Learning Characteristics Of Non-native Speakers – Education Essay
During the 1920s to the 1960s, students who were second language learners usually had to “sink or swim” in class since teachers thought that ELL students would learn content area material through their experiences in the
classroom. It’s not until recent years that general education teachers realize that ELL students do not learn the same way as their native speaking English classmates because of their lack of English proficiency. (Brown, 2003) One of the factors that affect how ELLs learn is age and there are also several factors such as gender, L1 literacy, social context, and personality. In this term paper I will discuss how age and personality affect second language acquisition and the factors can be used in the language classroom to facilitate second language acquisition.
Age and Second Language Acquisition:
How age affects second language acquisition is an interesting topic for most of the educators who have to develop appropriate curriculum and instructional strategies for immigrant students of different age. Some educator such as Chipongian (2000) believe” younger is better in the long run” but some educators think the opposite. The researchers who believe that younger children can acquire second language easier than adults attribute this to the human “critical period”.
What is Critical Period Hypothesis (CPH)?
A critical period was originally postulated by Lenneberg in 1967 for first language acquisition and the CPH is a biological determined period from birth to puberty during which the language acquisition is easier. Pathologists’ studies that child who failed before puberty to acquire their first language may lack adequate linguistic competence. This is because by the age thirteen to fifteen, “our cerebral hemispheres functions separate and become set which makes the language acquisition extremely difficult”. (Lenneberg, 1967) Jean Piaget outlined the intellecture development in a child through different stages: (Douglas Brown, 2000, P.61)
Sensorimotor stage — birth to two
Preoperational stage — ages two to seven
Operation stage — ages seven to sixteen
A. Concrete operational stage — ages seven to eleven
B. Formal operational stage — ages eleven to sixteen
In Piaget’s outline, the affects of age on second language acquisition appear to occur at puberty which is between the ages eleven to sixteen. At this stage, a person becomes capable of abstraction which is formal thinking of concrete experience in life.
As first language acquisition, second language researchers assumed that second
language acquisition has a critical time which is below puberty and children who want to succeed in learning a second language should start before this critical period of time. But some educators like John T. Bruer argued that “we always pay too much attention on when learning languages occur and too little attention on how learning might best occur” in his book The Myth of the First Three Years. (Chipongian 2000, P.1) These second language researchers suggest that “early start learning in a second language is neither a strict necessary nor a sufficient condition for the attainment of native-like proficiency”. (Chipongian 2000) They believe that timing is not everything. Studies have shown that there is almost five percent of adult bilinguals master a second language even though they are over the age of puberty. Researchers assume that the only aspect of language that has an effect following the critical period is accent. Second language learners who are above the puberty stage are unable to acquire a native-like accent. But we know second language learners still can master a second language with a foreign accent since phonological acquisition is not the only thing that we learn from a second language. We also have to consider with morphology, syntax, and grammatical structure. As Douglas Brown mentioned in his book “the acquisition of the communicative and functional purpose of language is, in the most circumstances, far more important than a perfect native accent.” (Douglas Brown, 2000, P.)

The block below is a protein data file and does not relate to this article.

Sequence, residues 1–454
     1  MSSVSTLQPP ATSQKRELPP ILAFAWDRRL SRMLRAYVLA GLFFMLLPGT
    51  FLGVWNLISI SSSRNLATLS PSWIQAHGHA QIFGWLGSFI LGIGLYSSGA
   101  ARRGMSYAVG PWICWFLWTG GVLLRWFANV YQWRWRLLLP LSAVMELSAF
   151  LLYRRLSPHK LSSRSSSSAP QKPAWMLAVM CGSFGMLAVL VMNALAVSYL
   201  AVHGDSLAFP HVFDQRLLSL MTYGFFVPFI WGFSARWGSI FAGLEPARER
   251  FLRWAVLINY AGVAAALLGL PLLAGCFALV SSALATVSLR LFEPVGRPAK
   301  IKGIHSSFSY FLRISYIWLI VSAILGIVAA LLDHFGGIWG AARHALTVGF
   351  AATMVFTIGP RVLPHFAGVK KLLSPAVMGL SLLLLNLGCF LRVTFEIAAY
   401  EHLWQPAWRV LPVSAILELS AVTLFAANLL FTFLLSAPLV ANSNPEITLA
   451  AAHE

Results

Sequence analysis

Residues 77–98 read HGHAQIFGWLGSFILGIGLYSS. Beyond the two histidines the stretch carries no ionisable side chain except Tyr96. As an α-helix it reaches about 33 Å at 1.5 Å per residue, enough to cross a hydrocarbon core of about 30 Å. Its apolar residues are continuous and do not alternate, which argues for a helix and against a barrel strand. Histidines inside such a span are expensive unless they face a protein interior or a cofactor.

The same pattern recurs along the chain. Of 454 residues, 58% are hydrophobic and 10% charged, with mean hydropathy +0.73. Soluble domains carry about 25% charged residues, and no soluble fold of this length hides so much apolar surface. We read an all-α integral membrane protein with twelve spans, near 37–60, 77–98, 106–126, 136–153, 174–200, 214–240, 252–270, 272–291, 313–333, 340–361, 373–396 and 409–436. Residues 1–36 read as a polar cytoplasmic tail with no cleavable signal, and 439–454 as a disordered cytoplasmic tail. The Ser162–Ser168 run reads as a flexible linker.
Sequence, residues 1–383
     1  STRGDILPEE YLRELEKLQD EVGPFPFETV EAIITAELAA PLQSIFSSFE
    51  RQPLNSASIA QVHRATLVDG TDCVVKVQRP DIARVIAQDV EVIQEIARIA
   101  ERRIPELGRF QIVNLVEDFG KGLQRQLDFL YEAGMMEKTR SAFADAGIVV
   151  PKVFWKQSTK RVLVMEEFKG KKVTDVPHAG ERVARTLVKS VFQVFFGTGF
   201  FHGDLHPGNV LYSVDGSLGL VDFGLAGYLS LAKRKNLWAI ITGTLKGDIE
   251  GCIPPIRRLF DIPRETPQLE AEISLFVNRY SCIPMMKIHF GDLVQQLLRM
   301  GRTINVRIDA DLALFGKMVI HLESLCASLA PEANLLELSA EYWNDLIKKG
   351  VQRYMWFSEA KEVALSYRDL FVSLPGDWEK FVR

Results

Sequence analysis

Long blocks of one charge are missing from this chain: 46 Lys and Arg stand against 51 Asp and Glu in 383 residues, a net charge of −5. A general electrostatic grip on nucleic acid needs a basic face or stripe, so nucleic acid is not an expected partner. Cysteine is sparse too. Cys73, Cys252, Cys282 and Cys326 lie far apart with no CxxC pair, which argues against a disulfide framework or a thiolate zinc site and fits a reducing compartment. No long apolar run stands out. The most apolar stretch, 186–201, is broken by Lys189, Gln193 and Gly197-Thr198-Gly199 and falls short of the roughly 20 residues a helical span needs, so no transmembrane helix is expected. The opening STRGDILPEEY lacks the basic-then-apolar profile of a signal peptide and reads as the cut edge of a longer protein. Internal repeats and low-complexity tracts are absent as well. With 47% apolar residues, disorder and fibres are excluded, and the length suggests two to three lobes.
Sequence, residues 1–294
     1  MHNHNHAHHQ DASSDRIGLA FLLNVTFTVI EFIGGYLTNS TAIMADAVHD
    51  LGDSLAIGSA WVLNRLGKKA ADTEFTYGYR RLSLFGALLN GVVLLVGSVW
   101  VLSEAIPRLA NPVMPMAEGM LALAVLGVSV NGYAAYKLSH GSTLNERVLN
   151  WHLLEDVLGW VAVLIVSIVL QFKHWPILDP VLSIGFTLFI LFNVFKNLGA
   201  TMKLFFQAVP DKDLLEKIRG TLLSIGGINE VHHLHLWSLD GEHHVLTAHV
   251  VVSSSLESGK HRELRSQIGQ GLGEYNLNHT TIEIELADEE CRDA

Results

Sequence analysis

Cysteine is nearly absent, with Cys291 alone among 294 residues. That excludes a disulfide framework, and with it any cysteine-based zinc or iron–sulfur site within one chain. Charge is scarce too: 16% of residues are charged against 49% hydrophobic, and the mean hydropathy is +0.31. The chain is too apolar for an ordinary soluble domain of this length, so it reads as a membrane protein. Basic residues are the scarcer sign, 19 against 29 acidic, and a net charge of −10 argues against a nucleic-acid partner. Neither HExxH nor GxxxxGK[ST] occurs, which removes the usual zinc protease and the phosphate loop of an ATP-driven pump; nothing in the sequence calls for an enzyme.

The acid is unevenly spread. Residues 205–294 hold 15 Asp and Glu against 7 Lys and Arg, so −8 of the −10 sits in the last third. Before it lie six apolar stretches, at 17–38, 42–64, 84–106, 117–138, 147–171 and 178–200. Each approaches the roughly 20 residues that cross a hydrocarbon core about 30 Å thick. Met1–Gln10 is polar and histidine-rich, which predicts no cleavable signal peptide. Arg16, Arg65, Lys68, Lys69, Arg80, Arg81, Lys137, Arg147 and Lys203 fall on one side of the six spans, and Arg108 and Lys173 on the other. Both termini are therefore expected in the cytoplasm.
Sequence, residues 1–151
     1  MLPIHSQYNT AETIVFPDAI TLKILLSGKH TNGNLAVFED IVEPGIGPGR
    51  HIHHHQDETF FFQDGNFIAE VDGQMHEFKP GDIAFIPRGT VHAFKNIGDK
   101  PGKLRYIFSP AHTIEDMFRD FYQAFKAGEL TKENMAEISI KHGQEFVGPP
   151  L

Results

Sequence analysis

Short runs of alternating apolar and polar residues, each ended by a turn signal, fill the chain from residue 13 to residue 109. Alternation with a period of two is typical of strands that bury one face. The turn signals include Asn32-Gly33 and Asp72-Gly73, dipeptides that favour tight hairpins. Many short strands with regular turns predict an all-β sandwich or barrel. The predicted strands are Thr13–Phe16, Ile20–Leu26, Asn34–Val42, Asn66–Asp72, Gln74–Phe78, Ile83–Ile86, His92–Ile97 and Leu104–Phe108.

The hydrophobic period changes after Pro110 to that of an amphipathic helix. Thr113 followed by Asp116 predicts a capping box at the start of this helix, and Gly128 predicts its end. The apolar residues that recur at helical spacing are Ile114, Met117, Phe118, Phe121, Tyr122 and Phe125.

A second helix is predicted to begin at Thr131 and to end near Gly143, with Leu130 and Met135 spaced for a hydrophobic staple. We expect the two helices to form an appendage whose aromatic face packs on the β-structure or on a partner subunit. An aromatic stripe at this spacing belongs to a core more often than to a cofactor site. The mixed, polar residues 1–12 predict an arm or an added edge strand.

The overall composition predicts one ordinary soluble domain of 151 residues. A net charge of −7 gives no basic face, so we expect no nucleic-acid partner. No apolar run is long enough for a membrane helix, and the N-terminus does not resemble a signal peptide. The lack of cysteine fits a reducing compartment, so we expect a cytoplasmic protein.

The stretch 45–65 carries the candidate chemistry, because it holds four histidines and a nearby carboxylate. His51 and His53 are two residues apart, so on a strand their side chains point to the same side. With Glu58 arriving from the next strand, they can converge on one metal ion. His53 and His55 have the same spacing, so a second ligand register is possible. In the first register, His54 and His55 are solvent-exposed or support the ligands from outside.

“Many research studies have found that a wide variety of skills and learning strategies that are developed in L1 reading and writing can have positive transfer to L2 reading and writing” (Ovando, 2003, p.130). The acquisition of the grammar and syntax of a second language are influenced by the first language knowledge instead of the learner’s critical period. For instance, a Chinese ELL student may be confused in verb transitivity, such as “I am run.” since Chinese doesn’t have the “ing” action verb tense. There is also no point at which vocabulary acquisition can be predicted to cease as Lisa (2000) mentioned in her article that “how we process our vocabulary does not change with brain maturation if it were a form of time-limited and it is influenced by a learner’s experience-expectant learning.”
As I mentioned before some researchers believe younger is better in learning second language but some had found that older learners have more advantages in acquiring second language because of their conscious awareness of language and ability to formalize linguistic rules, especially in production tasks which are speaking and writing.
Personality and Second Language Acquisition:
Personality can also affect second language acquisition and in combination with living environment, personality can act to stop or to encourage students to learn second language. There several different types of personalities that students possess:
Self-esteem has been shown to be related to second language achievement. Krashen(1981) mentioned the relationship between self-esteem and oral production in ESL performs. A person with higher self-esteem tends to achieve better than those because the person would not feel embarrass if they make mistakes. However, if teachers try to correct mistakes from those students with introvert personality, teachers need to properly correct them without embarrassing them in front of other peers. For example, if Mary says” I go to school with my sister yesterday,” the teacher would respond, “You went to the store with your sister yesterday?” She has effectively provided corrected input while also continuing the conversation. If a student shuts down after an outright correction then opportunity for more input and practice has been lost.